Histone Modification Profiling in Normal and Transformed Human Embryonic Stem Cells Using Micro Chromatin Immunoprecipitation, Scalable to Genome-Wide Microarray Analyses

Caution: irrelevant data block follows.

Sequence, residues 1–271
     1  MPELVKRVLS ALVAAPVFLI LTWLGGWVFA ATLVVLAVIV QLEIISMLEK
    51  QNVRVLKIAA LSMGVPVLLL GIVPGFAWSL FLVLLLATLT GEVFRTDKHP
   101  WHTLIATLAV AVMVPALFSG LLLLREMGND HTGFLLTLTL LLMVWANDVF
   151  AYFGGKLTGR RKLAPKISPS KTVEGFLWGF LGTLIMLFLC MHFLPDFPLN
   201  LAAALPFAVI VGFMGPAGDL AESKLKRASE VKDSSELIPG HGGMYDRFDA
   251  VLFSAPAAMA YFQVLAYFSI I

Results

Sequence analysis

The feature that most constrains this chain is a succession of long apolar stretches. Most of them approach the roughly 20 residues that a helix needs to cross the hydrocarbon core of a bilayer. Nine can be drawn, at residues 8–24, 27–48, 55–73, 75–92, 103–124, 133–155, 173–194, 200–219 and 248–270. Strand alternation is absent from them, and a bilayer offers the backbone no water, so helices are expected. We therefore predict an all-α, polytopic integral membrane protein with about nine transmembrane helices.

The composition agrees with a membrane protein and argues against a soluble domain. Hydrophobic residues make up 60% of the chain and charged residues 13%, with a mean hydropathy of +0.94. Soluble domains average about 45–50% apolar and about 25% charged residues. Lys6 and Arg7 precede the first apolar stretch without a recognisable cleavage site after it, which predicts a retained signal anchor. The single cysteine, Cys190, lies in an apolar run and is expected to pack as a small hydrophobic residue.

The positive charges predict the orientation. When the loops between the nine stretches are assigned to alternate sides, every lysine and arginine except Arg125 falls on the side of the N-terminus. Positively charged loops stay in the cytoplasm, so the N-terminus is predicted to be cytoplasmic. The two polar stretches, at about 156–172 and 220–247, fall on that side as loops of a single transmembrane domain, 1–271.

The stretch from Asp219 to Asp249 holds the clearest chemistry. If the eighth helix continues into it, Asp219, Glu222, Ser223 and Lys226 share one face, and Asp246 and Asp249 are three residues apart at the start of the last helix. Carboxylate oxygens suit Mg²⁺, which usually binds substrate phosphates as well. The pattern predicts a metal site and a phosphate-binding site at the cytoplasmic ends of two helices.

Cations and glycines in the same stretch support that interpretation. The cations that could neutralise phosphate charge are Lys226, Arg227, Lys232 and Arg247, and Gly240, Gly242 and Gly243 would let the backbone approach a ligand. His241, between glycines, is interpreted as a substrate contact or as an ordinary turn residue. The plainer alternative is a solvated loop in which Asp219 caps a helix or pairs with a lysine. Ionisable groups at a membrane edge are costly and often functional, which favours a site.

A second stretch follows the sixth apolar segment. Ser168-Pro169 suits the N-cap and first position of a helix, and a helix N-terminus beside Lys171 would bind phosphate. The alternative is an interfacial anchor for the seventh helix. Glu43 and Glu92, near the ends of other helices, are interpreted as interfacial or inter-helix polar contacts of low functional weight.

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Comparing normal human embryonic stem cells (hESCs) to those that have acquired cellular properties of neoplasm provides a unique opportunity to study the distinguishing molecular features of human cellular transformation. As global alterations in the epigenetic landscape are a common feature of cancer, we sought to investigate the loci-specific and global differences between normal and transformed hESCs using ChIP-PCR and ChIP-microarray (also known as ChIP-chip). Here, specific emphasis was placed on optimizing ChIP for low cell numbers (termed micro-ChIP; μChIP) towards applications where the target population is rare, such as the case for somatic human tumors containing a low frequency of cancer stem cell populations and for single-colony analysis of embryonic and induced pluripotent stem cells emerging from initial derivation. Using these methods, we suggest that μChIP-PCR and microarray analysis is thus a powerful technology for epigenetic profiling of cell populations relevant to developmental biology, cancer, and regenerative medicine where target populations regulating the biological process can only be isolated in small numbers.
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